The news blew around the Montessori world on Friday: Young Prince George of Cambridge, aged 2, only son of Prince William, Duke of Cambridge and Catherine, Duchess of Cambridge (Kate Middleton), third in line to the throne of England—will follow in his father’s path to Montessori school. In a departure from palace tradition, the young Prince William and his brother Harry attended a Montessori “nursery” in the mid-1980s, reportedly at the insistence of their mother, Diana, Princess of Wales, herself a one-time Montessori classroom assistant.
(It’s possible George’s parents were also motivated by a letter from a 10-year-old Dutch Montessori student which included a copy of Susan Mayclin Stephenson’s The Joyful Child, but we’ll probably never know.)
The news coverage is pretty good, and fairly accurate things are said about Montessori schools, if without a lot of depth. You do get a sense of how tightly the British Royal Family controls the media narrative, as the brief account is pretty similar across publications. The BBC has an official announcement, the Mirror does a nice job, citing a three-hour work period and student choice, and Hello! magazine has probably the cutest picture:
But the headline that caught my eye was Prince George to attend £33-a-day Montessori nursery in Norfolk in The Telegraph. The Telegraph is a reliably Conservative, somewhat populist British paper (and multimedia company), so I wasn’t sure what to make of the figure in the headline: is £33-a-day a lot, or a little? Turns out, it’s a little:
The school costs just £5.50 per hour, or £33 per day, and 23 of its 27 children are in receipt of funding. It also has some children with special needs. In contrast, nurseries near Kensington Palace can cost upwards of £15,000 per year.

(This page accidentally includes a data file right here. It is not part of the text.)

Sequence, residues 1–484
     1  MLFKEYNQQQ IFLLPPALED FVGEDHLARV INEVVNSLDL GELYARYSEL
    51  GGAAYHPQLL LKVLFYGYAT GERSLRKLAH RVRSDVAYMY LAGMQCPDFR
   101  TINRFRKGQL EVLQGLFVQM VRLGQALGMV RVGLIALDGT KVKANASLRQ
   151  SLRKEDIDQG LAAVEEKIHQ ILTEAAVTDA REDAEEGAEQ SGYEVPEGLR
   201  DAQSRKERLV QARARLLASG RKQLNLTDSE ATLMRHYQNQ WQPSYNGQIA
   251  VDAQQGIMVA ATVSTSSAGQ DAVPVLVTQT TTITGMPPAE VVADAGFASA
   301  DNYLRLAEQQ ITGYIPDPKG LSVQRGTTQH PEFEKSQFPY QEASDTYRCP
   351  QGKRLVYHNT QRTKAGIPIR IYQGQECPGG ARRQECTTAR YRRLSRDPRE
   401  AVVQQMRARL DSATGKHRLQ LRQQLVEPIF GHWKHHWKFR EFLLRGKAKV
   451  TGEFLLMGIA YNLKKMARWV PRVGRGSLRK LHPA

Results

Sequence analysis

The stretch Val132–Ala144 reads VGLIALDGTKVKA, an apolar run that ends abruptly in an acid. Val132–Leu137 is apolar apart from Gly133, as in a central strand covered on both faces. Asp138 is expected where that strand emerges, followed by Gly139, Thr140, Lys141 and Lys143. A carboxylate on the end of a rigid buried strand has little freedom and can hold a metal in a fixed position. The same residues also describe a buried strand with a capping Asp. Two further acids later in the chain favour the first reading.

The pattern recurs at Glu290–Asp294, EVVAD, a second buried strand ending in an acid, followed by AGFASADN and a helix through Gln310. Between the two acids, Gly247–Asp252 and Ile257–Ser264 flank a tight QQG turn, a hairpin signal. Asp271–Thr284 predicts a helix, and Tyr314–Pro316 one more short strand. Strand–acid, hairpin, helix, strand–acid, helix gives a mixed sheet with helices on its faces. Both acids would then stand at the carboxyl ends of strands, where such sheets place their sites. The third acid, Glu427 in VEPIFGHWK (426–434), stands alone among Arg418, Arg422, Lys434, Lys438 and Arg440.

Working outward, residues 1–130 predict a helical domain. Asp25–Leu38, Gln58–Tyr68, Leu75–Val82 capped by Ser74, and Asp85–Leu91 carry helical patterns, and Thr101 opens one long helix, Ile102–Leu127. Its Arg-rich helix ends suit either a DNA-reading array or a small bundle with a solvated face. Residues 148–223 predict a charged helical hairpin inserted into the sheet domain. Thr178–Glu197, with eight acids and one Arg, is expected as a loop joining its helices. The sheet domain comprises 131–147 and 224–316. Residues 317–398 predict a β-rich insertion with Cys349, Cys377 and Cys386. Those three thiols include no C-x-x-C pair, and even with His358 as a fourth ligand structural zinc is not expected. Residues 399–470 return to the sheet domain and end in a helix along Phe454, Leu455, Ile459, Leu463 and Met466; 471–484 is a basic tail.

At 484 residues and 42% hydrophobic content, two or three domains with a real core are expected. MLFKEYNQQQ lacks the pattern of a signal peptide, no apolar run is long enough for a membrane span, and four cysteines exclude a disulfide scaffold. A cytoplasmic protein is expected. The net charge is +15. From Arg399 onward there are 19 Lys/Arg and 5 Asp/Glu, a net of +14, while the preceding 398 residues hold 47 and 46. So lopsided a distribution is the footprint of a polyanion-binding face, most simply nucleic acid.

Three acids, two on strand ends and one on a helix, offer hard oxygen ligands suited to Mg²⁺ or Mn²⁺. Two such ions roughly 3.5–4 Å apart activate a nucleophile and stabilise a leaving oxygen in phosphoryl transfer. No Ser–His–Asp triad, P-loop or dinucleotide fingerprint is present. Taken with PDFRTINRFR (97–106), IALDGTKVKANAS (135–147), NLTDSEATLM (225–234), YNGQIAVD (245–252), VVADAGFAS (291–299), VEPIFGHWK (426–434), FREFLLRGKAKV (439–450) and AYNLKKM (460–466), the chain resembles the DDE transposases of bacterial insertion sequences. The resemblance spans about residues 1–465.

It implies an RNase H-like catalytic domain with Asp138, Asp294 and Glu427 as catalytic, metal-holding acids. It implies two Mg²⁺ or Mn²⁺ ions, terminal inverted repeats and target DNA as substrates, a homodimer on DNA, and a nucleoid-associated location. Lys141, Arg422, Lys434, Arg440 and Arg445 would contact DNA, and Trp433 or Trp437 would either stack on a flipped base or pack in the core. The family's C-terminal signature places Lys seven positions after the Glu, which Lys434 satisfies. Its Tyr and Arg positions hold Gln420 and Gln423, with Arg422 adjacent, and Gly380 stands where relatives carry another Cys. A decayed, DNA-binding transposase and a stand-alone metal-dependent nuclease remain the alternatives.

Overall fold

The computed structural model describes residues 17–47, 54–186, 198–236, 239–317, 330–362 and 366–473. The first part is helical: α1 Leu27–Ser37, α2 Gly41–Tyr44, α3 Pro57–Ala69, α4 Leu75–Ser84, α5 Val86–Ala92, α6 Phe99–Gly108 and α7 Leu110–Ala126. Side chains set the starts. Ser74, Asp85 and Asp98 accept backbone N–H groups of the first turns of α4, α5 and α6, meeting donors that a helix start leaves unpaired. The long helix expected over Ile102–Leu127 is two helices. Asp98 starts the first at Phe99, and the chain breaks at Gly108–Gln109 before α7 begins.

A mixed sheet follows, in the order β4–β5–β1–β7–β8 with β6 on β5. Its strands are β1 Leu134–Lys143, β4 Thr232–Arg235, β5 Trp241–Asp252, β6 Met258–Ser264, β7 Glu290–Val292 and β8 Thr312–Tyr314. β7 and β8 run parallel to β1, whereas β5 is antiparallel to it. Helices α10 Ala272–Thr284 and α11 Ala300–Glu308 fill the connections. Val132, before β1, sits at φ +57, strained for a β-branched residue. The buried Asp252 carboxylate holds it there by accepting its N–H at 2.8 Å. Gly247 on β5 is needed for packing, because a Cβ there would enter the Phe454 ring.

£33 per day would be £165/week, or £6600/year for 40 full weeks (I bet the Royals take some time off in the summer, even though they both work). In dollars, those numbers are about $8.25/hour, $50/day, $250/week, and $9,900/year. (Those posh places near the Palace would be about $22,500.) That’s about on the middle for U.S. Children’s House programs. What’s more, it seems like there’s a commitment to access—more from the Telegraph:
… a modestly-priced Montessori nursery school in Norfolk where most parents get financial help to pay the fees.
… Prince George’s new school was opened 23 years ago and has 27 children, including 23 in receipt of funding, meaning they get 15 free hours of education per week.
… All three and four year olds get free child care but two year olds get it only if they are in the poorest 40 per cent of families.
… Westacre says it has “an all inclusive open door approach” and has in the past taught children on the autistic spectrum and physically disabled children.
The school, a small cluster of buildings down a private lane in the Norfolk countryside, has battened down its public presence, if it ever had one—probably a good idea considering the publicity this is bound to attract. But they’re happy to have the young prince among their charges:
A spokesman for the school said: “We are looking forward to welcoming George to our nursery where he will get the same special experience as all of our children.”